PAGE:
The OTHER Theory of Evolution: How to Make Mice from Scratch24 November 2020
The Spontaneous Generation Cookbook
How to make mice from scratch
(serves 2—if desperate)
- 1 soiled shirt
- 1 sheaf of wheat
- Lay shirt on wheat.
- Leave in sun for 21 days (avoid pungent aroma).
- The shirt’s sweat will produce mice.
How to create a scorpion
(serves 2 brave souls)
- 2 bricks
- 1 basil leaf
- Place basil between two bricks.
- Leave in sun for three days.
- Avoid getting stung by scorpions when you return.
These recipes are paraphrased from 17th-century Dutch chemist Jan Baptist van Helmont. Luckily, he is remembered for discovering gases such as carbon dioxide, not for conjuring mice and scorpions.
But these recipes weren’t just fun magic tricks. They were legitimate experiments testing the long-supported theory of spontaneous generation. From Ancient Egypt to Aristotle to Shakespeare, people believed for millennia that simple organisms arose spontaneously from non-living matter. Whether it was maggots formed from rotting flesh or frogs made from the mud of the Nile, this was apparently a sensible explanation for where babies came from. Who needs parents when you can build yourself out of underwear, sweat and mud?
You might laugh at these “scientists” for not noticing tadpoles chilling in the river or flies laying eggs in the dead. But how would you have unravelled these mysteries with no microscope, no tracking devices, no cameras? Even today, some creatures’ origins remain elusive. We have no good answer to the “eel question”: we’ve never seen eels mate and have no idea how baby eels are born. The matter even led biologist Max Schultze to lament, on his deathbed, that “all important questions have now been settled . . . except the eel question”.
Reproduction has always inspired bizarre theories. Aristotle believed sperm contained miniature, preformed humans. He thought the tiny people expanded in the womb, like those dinosaur egg toys that hatch in water. But without a microscope and knowledge of genetics, can you blame him for not predicting the entire field of developmental biology?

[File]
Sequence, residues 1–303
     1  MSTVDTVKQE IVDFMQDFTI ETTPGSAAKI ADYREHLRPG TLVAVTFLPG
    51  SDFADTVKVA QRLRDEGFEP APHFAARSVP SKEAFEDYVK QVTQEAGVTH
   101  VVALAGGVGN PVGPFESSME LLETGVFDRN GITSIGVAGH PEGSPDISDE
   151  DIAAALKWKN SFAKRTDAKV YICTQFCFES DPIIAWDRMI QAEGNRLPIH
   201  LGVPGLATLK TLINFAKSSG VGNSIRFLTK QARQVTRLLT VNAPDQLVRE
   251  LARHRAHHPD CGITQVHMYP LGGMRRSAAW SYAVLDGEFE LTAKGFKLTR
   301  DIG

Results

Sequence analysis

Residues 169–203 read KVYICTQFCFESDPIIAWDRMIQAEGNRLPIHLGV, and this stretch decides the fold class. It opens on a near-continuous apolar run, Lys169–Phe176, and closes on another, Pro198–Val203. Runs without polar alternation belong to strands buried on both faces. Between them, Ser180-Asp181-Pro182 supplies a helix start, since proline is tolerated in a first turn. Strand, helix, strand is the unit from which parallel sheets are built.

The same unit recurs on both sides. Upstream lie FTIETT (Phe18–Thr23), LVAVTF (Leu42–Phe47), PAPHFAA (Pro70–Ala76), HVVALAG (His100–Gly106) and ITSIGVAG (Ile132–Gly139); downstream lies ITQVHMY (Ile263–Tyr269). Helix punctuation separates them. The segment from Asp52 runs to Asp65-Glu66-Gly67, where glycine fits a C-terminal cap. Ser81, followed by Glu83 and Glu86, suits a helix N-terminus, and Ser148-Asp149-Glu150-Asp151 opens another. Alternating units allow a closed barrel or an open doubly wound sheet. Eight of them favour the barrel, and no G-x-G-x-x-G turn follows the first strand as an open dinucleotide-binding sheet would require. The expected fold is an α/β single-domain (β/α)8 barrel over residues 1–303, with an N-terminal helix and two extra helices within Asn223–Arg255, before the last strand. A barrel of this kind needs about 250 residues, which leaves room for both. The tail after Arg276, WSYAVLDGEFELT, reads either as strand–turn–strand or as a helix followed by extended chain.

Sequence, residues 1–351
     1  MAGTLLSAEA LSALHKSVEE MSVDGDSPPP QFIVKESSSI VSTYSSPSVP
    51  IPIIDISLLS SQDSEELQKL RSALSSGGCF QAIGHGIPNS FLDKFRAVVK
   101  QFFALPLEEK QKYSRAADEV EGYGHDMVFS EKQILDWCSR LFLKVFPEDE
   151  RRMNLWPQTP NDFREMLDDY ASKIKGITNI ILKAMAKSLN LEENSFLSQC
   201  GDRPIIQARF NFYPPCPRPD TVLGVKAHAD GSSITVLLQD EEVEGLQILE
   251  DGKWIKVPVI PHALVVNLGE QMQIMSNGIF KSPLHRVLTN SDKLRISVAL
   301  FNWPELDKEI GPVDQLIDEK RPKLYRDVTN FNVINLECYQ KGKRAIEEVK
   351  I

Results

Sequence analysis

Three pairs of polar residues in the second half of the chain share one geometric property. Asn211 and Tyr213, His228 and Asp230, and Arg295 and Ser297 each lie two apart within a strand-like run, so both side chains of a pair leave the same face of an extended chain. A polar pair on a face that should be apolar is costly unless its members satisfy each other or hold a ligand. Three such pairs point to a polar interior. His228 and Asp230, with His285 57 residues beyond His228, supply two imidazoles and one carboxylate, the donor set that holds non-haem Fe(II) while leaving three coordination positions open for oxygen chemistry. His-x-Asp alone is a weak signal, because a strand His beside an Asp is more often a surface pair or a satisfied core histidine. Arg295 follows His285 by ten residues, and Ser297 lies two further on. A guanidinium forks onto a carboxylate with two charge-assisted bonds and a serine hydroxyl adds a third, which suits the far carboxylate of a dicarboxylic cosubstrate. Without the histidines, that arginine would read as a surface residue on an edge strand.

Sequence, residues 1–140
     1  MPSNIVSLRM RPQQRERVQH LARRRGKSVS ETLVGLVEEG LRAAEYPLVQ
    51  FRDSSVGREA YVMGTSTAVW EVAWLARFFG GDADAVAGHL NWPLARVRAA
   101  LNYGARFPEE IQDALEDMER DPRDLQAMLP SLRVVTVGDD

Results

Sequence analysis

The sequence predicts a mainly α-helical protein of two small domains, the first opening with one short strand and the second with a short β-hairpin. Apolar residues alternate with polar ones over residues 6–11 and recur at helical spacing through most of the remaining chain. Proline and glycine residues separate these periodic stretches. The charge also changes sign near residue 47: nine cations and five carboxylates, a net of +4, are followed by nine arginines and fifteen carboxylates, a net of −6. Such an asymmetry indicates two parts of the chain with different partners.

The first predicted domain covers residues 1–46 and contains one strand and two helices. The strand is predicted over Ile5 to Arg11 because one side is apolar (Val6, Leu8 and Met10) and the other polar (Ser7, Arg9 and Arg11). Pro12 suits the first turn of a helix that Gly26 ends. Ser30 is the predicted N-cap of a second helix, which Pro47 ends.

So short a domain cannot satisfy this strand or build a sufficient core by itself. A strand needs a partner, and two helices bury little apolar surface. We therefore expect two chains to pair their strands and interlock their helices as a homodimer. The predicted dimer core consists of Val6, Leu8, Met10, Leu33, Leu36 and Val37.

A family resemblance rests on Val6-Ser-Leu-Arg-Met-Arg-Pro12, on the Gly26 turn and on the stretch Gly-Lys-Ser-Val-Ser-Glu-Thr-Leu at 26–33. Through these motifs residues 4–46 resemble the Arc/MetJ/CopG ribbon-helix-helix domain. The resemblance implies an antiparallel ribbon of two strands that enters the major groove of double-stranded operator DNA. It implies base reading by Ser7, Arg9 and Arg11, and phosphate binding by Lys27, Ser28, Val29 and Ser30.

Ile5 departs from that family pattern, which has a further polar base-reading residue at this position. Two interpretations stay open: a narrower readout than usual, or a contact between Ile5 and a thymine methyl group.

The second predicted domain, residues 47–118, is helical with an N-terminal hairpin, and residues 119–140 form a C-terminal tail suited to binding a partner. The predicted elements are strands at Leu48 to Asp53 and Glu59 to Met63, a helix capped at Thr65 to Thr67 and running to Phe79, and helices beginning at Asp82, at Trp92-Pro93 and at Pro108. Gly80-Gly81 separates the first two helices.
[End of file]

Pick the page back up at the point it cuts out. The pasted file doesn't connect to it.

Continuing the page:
It took centuries of experimentation to discredit spontaneous generation. Microbiologist Louis Pasteur’s experiments in the 1860s were the final nail in the maggot-filled coffin. I like imagining that old-school scientists tinkered in their basements for sheer joy, but Pasteur was on a (very practical) mission: saving French industry from the spoilage of wine, beer and milk.
The experiments he performed were damning evidence that life only comes from other life. They also led to pasteurisation—heating something to kill pathogens—which enables us to consume milk and other foods safely.
Even though proponents of spontaneous generation were wrong, they contributed immensely to the search for the source of life. They built the foundations that enabled scientists like Pasteur to save countless lives through germ theory. So, next time you drink a glass of milk (or beer or even nuts if dairy isn’t your thing), serve it with a side of appreciation for the scientists that got it wrong.